Graphics Mill 6 was just released by Aurigma. Memory efficiency and overall performance are remarkably improved. Read on to find out how such exceptional results were attained through the hard work and dedication of Aurigma’s outstanding engineers.
Aurigma’s latest offering is the just released Graphics Mill 6. As you will see, this is more of a re-launch of the product than a run-of-the-mill update. There is a new website, but that is not all that is better about this version. A lot of the things that Aurigma’s engineers improved and streamlined in Graphics Mill 6 are internal. But don’t be fooled just because they are not readily visible before you use the system, the improvements in performance and system efficiency are in a word, vast.
"Out of memory" with large images
In the old version there were customers who faced an "out of memory" problem when trying to load very large images. This was not a bug, rather it was a consequence of the old architecture of Graphics Mill. When images of a very large size were processed, for example a 10,000x10,000 bitmap, the system would be forced to load the entire image into memory - all 400MB of it! Although the old architecture was optimized, when an image of a certain size was reached, the problem was inevitable.
The solution we needed called for a radical "under the hood" redesign of Graphics Mill 6. In the new version, bitmaps are loaded chunk-by-chunk. Each chunk is individually processed, and they are all saved into an image file. This process had the risk of being very painful for a developer to manage. Therefore Aurigma’s engineers made the improvement not only memory friendly, but also seamless and invisible to the user.
The solution - pipeline API
Aurigma’s solution is elegant: instead of first loading a bitmap from (for example) a JPEG file, then calling different methods to process the image, and then calling the Save method, we’ve developed an improved system. Pipeline API is an approach that involves a serialized and standardized chain of algorithms that move the image file through its development "pipeline".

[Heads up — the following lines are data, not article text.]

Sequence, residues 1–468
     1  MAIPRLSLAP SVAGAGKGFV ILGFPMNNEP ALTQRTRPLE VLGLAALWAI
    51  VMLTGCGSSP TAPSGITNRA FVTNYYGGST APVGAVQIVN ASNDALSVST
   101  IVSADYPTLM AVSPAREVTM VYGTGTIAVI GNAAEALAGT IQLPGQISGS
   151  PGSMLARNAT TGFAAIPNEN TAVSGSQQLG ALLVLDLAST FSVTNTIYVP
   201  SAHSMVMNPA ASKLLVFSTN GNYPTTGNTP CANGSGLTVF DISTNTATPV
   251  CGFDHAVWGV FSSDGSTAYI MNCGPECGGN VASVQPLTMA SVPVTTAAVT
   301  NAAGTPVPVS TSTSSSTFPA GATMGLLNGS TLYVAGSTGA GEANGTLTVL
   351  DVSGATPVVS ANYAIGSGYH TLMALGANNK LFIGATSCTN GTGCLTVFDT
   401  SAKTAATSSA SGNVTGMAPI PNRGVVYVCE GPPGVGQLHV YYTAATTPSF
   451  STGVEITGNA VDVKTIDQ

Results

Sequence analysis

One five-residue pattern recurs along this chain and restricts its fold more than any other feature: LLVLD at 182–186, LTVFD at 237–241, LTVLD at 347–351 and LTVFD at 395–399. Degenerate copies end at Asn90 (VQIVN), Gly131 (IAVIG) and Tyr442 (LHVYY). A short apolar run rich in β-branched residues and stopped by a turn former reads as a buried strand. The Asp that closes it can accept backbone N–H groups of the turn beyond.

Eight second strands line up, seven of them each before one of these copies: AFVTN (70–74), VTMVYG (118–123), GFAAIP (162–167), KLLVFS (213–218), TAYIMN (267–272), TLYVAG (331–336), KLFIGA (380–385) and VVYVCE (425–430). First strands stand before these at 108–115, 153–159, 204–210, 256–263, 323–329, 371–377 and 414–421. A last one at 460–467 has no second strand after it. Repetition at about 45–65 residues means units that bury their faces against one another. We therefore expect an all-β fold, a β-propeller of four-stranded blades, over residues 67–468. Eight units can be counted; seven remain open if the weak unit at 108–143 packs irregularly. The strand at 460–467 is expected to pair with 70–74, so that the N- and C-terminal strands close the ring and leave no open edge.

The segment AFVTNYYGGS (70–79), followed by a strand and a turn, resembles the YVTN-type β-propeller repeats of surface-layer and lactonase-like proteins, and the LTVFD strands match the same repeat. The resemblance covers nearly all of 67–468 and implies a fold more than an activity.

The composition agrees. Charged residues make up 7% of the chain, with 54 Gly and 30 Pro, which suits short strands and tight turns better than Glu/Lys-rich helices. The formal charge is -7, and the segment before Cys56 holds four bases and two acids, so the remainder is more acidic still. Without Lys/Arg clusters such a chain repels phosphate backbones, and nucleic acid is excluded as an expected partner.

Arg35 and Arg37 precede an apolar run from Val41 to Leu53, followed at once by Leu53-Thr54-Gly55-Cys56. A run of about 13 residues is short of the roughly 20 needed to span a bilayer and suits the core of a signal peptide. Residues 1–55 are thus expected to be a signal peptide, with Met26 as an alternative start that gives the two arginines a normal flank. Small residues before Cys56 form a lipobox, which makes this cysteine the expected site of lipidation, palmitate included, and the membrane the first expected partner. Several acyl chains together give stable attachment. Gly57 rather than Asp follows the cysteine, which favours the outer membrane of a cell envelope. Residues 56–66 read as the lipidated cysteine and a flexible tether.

To make it clear, let's see how a resize operation looks:
protected override void Resize(string filename,
Stream result, WriterSettings settings,
int width, int height, ResizeInterpolationMode quality)
using (var reader = ImageReader.Create(filename))
using (var resize = new Resize(width, height, quality))
using (var writer = ImageWriter.Create(result, settings))
Pipeline.Run(reader + resize + writer);
The first pipeline element is the image reader, the next one is a resizer, and the last one is the file writer. When you process the image through the pipeline the following things happen: the reader receives the first piece of the image, passes it to the resizer, and the resizer sends it to the writer.
As a result, the entire image is never loaded. System requirements are only to allocate enough memory to hold one portion of the image (one scanline). The memory being utilized is then freed when the next portion of image is loaded. This is how Aurigma’s revolutionary Graphics Mill 6 allows you to process an image of virtually any size!
Of course, you can run the image through various pipelines containing multiple manipulations - not just resizing, but also (for example) color space conversions, image combiners, etc.
Not just memory-friendly, but fast!
Memory efficiency is not the only benefit of this new approach. There is a significant performance bonus as well. Our benchmarks illustrated that performance increased several times, and for certain image sizes and algorithms, tens of times. Graphics Mill 6 surpasses not only the old version but our competitors’ offerings as well. And there are still built-in .NET imaging features for ease of use.
Classic API still available
You may think that because of this new API, your old code isn’t compatible. Fear not, your old code will still work great with Graphics Mill 6 and with any smaller images you may be handling now. You can quickly and easily select between the classic API or the new pipeline API.
What else is there in Graphics Mill 6?
Although such drastic performance increases alone are reason enough to release a major update, Aurigma did not stop there. We have also added two very important features, which are often unavailable in other, lesser imaging SDKs:
When you save a PDF, now you can save vector data as well—including text.
Now you can handle an image clipping path, saved in Photoshop.
In future posts, we’ll give you more detail about these and other exciting improvements in Graphics Mill 6.